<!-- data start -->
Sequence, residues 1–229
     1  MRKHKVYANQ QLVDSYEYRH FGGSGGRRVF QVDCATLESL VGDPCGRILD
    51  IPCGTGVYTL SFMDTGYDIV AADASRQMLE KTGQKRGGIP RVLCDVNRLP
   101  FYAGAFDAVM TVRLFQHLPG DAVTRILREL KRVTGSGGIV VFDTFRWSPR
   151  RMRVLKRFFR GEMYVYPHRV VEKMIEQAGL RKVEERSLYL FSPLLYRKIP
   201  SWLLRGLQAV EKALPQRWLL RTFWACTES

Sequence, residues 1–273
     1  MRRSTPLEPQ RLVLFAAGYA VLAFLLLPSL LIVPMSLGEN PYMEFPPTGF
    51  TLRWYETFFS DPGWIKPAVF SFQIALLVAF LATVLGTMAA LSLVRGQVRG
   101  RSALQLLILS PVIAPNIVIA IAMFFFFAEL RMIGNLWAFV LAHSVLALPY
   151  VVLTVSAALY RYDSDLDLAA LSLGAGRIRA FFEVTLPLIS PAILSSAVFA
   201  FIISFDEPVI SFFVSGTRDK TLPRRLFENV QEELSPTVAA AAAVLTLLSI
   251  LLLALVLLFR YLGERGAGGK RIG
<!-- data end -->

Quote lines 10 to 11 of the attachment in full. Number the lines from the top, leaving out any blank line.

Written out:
   101  RSALQLLILS PVIAPNIVIA IAMFFFFAEL RMIGNLWAFV LAHSVLALPY
   151  VVLTVSAALY RYDSDLDLAA LSLGAGRIRA FFEVTLPLIS PAILSSAVFA